I have heard this time of year, mid-May until the beginning of July, referred to as ‘The High Tide of Life’. It seems an apt image to me, as the green world is definitely growing and flowering and seeding. Insects are doing their usual multiplying, bird song fills the early morning air, baby animals abound. Life everywhere seems to be teeming, moving, and busy. If I close my eyes and think about all this activity as a whole, I can almost see the high tide of life swelling upward toward a high-water mark before receding again toward autumn. We partake of this tide with readying gardens, cutting the grass, putting in new flowers, spring cleaning, trying to get in a hike or two. And although we might not always see it, our activity is a necessary current in this rising tide, lapping up next to the animals and the plants and the earth that make up this green surge.

High tide

So ride the wave while it’s here!

A sea of dandelion parachutes

Ed’s Corner

You can go home again (after rounding 3rd base)…

My youngest son, Nathaniel, age 9, just joined the rookie league of our town’s Little League program. I think having an older brother Rhys who loves the game accounts for Nathaniel’s baseball leanings. Besides games of catch, I know I wasn’t the catalyst. Honestly, I don’t know who won the last World Series. So we signed him up, got the necessary gear, he was given a uniform and the coolest hat – with a rattle snake on it because of the team’s name, the Diamondbacks. The ‘Garter Snakes’ would, I’m sure, not carry the intended impact. Nor would my suggestion that Nathaniel play some non-competitive baseball (?) with his friends.

Looking for home

Two nights ago the team had its first practice at our local field, located next to a busy railroad line, with all the tootings and screechings and clangings you can imagine. A busy road, treacherous to cross, intersects the tracks right there, horns, brakes and exhaust are common. Litter is strewn along the banks of the railroad tracks where a walking path runs alongside, and the small stream below the pedestrian bridge is also blanketed with litter. Very busy Route 59 is within easy earshot of the playing field, so you never lack for car and truck noise, and completing the scene is a bus station and big parking lot.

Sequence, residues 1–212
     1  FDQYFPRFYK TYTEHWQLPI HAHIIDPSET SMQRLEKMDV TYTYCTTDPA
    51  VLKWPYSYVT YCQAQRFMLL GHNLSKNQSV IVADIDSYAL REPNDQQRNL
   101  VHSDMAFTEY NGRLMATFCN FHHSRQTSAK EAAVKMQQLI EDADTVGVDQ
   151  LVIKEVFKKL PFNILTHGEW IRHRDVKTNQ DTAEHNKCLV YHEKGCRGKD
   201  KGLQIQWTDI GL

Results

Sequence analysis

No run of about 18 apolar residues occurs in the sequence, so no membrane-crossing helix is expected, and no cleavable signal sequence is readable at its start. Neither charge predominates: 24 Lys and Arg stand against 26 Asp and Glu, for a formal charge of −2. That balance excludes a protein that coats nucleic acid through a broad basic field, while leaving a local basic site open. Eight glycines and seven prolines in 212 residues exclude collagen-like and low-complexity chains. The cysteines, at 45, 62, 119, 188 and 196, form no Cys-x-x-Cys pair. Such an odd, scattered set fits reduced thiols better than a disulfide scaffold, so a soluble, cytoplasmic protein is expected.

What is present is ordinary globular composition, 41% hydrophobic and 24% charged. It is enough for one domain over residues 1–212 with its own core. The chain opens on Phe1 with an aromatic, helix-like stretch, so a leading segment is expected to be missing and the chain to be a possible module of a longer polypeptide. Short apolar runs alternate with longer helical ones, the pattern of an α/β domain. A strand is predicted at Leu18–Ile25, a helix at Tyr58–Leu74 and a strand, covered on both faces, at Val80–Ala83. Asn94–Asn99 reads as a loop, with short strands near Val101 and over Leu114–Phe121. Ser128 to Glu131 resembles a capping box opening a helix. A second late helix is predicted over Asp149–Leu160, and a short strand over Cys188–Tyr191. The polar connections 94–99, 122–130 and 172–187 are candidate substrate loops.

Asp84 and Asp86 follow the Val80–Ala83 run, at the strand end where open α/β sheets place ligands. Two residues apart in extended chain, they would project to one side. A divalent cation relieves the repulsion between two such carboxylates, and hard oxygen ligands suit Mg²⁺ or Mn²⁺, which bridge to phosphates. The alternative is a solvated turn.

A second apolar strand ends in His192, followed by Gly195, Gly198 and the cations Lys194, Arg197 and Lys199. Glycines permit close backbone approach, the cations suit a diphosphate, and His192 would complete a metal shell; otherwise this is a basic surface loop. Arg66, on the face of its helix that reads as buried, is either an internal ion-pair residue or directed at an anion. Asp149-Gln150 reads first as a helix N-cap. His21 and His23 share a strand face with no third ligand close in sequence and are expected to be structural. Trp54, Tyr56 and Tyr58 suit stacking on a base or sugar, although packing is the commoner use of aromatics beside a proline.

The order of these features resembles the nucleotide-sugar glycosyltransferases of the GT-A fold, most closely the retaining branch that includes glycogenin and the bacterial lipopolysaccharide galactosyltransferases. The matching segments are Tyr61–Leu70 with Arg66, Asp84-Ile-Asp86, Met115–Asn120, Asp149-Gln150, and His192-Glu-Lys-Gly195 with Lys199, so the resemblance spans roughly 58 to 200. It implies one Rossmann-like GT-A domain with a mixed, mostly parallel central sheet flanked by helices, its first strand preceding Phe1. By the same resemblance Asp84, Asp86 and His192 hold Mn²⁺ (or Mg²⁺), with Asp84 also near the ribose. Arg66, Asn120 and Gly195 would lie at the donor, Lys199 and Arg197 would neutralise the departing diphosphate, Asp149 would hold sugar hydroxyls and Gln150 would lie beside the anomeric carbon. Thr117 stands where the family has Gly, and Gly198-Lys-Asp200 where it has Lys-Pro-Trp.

But despite all this, the two playing fields were green, fresh, and on this evening had eight children of varying abilities, running, laughing, catching, batting, having fun.         

The garter snakes?

So here I was, sitting in the bleachers, getting darker and colder, telling myself that I will get into this baseball thing, when I see something big glide to the top of a tall light pole, a red-tailed hawk. Then after 5 minutes, without a sound, the hawk flew toward third base to the top of another pole and hung around for a while longer. Perhaps scouting out a future meal in the form of some of the youngest, smaller players?! It felt that this bird of prey felt very comfortable here.

And then, just above the playing field, flew, with almost slow motion wing flaps, a blue heron, neck back in typical ‘S’ position, legs extended out and back, taking its time as players and coaches below were intent with the action on-field, unaware of what was flying silently 25 feet above the field. It landed in a by-then darkened area outside the fence, almost straight outward from second base.

I guess home plate on the field feels more home to me now. In quite a few ways.